- Research shows that average monthly savings deposits have decreased by 14% over the last 12 months.
- Six in ten haven’t moved their funds in the last five years, but there is a growing appetite to save and many are prepared to sacrifice luxuries
- The government should also improve incentives for saving regularly and act upon high street banks offering low rates, claim savers
Following the General Election, RCI Bank asked savers what they would like the new government to prioritise. Almost a fifth (17%) called for them to take stronger action against the high street banks offering poor savings rates, and 16% want more benefits for those who save regularly.
The cost of living has risen over the last year – consumer inflation hit 2.6% in June – meaning the amount savers are managing to put away has fallen. In June 2016, they saved £277 every month, whereas this year the average fell 14% to £239.
Londoners experienced the highest year-on-year drop in the amount they save; in June 2016 the average deposit was £664 a month, but in June 2017 this fell 31% to £461 – a difference of £2032. In contrast, those in the East of England save more every month – a 21% increase year-on-year.
Nurturing nest eggs
Engagement in the savings market is low; a third (32%) have never switched savings account and three in ten (29%) have let their savings pot sit idle for over five years without switching providers. Only 12% have moved their cash in the last year. However, while consumers aren’t saving as much as they were last year, they would like to be able to save more. The research shows that if they could, almost half (45%) would be willing to give up luxuries to help fund big purchases, including new clothes (63%); meals out (61%); mini-breaks (31%); taxies (25%); and even their morning coffee (20%), potentially saving an extra £100 a month on average.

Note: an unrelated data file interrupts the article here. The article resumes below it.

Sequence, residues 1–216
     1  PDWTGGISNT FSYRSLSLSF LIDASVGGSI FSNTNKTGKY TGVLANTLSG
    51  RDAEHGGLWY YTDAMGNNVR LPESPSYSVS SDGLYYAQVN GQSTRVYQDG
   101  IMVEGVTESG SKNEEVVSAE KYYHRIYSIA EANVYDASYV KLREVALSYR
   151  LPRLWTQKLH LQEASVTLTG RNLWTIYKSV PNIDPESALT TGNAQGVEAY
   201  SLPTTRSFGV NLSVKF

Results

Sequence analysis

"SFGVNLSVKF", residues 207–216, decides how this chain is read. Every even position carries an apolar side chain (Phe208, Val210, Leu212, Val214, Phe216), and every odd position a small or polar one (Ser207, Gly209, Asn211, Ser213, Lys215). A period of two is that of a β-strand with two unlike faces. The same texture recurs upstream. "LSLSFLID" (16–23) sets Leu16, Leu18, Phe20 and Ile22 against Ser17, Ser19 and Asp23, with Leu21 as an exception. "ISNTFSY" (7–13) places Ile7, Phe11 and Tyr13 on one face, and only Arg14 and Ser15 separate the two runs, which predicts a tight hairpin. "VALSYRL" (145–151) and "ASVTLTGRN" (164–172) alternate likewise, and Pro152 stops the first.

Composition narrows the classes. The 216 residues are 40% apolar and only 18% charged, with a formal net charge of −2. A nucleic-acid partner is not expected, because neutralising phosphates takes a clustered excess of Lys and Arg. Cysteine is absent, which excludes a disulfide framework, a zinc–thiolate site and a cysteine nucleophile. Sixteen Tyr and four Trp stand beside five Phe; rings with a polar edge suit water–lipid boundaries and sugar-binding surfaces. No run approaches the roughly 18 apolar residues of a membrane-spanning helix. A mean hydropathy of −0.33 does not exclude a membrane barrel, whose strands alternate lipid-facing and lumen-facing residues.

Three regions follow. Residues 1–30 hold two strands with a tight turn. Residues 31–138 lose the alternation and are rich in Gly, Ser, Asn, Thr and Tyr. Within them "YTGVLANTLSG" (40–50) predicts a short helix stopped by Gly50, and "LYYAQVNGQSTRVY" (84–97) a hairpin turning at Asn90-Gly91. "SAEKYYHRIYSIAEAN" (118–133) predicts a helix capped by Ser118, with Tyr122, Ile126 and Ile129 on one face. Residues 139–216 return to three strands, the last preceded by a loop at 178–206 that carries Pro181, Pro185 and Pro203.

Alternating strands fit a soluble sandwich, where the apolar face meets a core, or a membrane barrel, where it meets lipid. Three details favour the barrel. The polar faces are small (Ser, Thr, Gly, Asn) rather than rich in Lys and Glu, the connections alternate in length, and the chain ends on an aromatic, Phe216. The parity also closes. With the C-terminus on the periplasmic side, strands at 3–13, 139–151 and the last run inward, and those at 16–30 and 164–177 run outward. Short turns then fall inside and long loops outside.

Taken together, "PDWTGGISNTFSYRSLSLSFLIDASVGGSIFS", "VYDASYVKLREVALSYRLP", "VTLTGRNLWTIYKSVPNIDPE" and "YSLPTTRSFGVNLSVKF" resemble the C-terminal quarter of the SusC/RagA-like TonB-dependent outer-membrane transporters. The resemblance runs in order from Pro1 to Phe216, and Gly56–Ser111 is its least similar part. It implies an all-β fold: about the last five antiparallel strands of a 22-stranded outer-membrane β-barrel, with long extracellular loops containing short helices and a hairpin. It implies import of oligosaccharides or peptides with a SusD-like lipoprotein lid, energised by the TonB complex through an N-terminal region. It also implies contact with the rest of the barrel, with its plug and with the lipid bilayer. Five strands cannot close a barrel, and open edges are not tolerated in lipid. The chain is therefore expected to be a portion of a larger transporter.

Londoners are much more likely to give up their morning coffee (30%) than those willing to sacrifice their luxuries in other regions, while those in the Midlands are most inclined to sacrifice mini-breaks (39%). Savers in Northern England will opt out of going on nights out and eating out in order to build their savings pot (60% respectively).
The current political climate and how it influences savings behaviour
The rising cost of living, macro-economic environment and political uncertainty play important roles in the nation’s ability to save. RCI Bank asked consumers how they thought the General Election result would affect their ability to save, with a quarter (26%) expecting it to have a negative impact. Only a tenth (11%) think it will have a positive impact and a third (31%) claim their confidence in the savings market over the next 12 months will decrease as a result.
Jean-Louis Labauge, CEO, RCI Bank, said: “Although engagement in the savings market is low, there is a real appetite to save; as a nation, we understand the importance of putting money away and saving for a rainy day. The fact that people are willing to give up luxuries says it all. The financial crash of 2007/08 has had a lasting impact on this. Our research shows that just over a tenth (12%) now spend less every month, and 10% feel that they need to save more every month. However, the current savings landscape does not feed this appetite – and the customers are calling for more action to be taken to encourage saving.
“In order to achieve good financial health, savers need to be more at the heart of monetary policy. An end to quantitative easing, as has been exercised in the US, is just one of the many ways that the Bank of England could set out to increase interest rates again and improve the market.”